Back in August of 2007, I sent Yann Hagimont some interview questions. At the time, I had just learned that ‘O’, (a duo featuring Hagimont and Sylvain Ducasse) had just split up. ‘O’ had been one of my favorite groups since I heard their split with Tin.RP, so I wanted to see if ‘O’ might move on in some fashion. Hagimont was a good sport about the interview, and insisted on translating his original French answers for STARTLING MONIKER readers. It’s taken a while, but I think this interview was well worth the wait.
STARTLING MONIKER: First off, what’s happened to Sylvain? Will ‘O’ continue as a solo project?
YANN HAGIMONT/’O’: Well, just what often happens when two people play together for a long time. After some disagreements, we’ve decided to stop our collaboration and to follow different directions. I only know that he focuses on his scientific research (sounds like he’s a really respected archaeologist), but we didn’t talk together for a while… about two or three years ago. So “O” continues as a solo project– or more exactly, as an “orchestra non orchestra”… But as interactions are really important in the “O” creation process, I’ve also prepared some collaborations with artists I really respect. Some years ago, I’ve said that “O” will die after “Numero 0”… Of course, it was metaphoric. It was the death of a concept.
SM: So much of ‘O’ seems to do with duality– the personnel of ‘O’, the split-releases with other artists, and now a split-release in two parts across two labels, even the cooperation ‘O’ expects from listeners to “finish” creating the music. Why this emphasis on duality?
YH: Basically, you’re right… But behind all these dual elements, there’s always a third value– not limited to the fusion of the two others. In reality, there’s no emphasis on duality. To be honest, duality is probably what I hate the most… and that we hated the most. At the beginning, we had created “O” as a way to escape to duality, Manicheism, SYMMETRY, perfect repetition (“L’Imperfection est la cîme” ). Duality is sterile: it only permits to create lifeless structures. This aesthetic position could be summed up like this: a + b = c, or possibly, c = a + b + x (consider that “c” is “O” music and “x” all accidents, aleatory events. I’m not sure that’s a good image.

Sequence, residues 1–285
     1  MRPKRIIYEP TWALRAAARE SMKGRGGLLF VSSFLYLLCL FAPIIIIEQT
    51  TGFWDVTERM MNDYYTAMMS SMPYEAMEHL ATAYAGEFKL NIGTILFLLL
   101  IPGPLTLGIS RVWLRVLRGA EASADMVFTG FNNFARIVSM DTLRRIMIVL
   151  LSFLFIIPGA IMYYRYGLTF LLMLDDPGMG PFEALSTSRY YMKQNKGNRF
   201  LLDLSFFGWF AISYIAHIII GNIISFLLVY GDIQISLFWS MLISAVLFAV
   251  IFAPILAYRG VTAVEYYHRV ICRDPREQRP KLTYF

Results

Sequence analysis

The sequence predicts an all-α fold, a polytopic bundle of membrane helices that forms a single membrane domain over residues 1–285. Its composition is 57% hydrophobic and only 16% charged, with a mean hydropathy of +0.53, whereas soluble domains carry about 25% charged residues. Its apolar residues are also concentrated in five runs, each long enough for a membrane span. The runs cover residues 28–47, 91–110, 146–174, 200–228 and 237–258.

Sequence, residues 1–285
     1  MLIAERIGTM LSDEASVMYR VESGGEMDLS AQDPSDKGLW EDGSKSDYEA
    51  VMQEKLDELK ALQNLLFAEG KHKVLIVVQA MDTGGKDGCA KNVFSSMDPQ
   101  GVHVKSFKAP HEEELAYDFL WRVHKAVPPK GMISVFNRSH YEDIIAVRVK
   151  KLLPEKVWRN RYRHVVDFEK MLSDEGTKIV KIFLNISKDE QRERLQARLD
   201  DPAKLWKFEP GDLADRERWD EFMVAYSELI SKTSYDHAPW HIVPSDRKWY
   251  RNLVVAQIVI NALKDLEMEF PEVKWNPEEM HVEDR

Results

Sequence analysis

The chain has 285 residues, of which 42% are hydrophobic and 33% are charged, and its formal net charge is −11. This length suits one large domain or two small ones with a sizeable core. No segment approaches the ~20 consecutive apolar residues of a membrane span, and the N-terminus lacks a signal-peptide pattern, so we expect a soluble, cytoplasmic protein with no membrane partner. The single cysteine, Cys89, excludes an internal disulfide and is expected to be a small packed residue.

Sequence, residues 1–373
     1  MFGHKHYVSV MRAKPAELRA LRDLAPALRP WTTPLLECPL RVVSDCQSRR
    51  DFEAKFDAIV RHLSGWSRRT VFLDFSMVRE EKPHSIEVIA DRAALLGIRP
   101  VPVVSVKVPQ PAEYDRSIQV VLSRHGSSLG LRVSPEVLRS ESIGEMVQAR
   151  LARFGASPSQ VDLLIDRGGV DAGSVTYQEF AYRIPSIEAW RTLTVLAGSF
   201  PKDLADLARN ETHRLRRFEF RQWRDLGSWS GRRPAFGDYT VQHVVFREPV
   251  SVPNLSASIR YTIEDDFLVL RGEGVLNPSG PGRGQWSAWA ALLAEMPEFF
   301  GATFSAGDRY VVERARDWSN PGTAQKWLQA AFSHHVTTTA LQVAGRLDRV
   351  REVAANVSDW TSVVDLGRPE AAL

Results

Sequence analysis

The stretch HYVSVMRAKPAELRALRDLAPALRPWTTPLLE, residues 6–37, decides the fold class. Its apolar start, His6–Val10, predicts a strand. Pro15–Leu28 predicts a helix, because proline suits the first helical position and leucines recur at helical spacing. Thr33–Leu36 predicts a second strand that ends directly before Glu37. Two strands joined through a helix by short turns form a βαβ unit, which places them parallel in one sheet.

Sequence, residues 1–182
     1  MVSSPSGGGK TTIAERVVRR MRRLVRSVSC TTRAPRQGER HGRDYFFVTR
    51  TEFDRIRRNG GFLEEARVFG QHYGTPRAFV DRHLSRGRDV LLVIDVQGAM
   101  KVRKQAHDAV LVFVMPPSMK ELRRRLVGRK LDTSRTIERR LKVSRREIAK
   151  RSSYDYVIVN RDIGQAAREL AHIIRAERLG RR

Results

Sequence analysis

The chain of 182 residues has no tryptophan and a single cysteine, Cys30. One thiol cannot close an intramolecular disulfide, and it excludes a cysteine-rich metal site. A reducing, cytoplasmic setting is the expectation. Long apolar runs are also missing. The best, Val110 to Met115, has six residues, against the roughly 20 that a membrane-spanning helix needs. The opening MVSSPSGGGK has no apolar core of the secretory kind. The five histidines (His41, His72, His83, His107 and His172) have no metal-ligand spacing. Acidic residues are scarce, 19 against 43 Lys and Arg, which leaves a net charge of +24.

Have you ever seen Henri Meschonnic‘s works? He develops a really specific conception of rhythm, based on a re-definition of rhythm; rhythm in language, rhythm in poetry, etc. According to him, rhythm isn’t a binary shifting… it’s movement, and it doesn’t require regularity. A consequence of this re-definition is that all art productions are unique. And it’s not only an aesthetic approach: it is also applicable to politics. Now I must give another reason: duality goes against my political ideals. Duality is an enemy of freedom, of individuality, of specificities.
If splits with other artists have many positive aspects (as all collaborations, it has positive economic aspects, creates communities and it determines creation), they’re also really stereotypical in underground scenes (which are ruled by many codes) and in many “pop” music scenes. As stereotypical objects, they must be disfigured. That’s the reason of our first split (with Tin RP): it wasn’t a “horizontal” split but a “vertical” split– a stereophonic split. The “O” vs Je split was a split between me and myself. The split with Moon was another variation of disfigured split (a split in two parts on Lona Records and Burning Emptiness). And the next split (with Joe Post, an ex-Monitors member) will be our first conventional split release.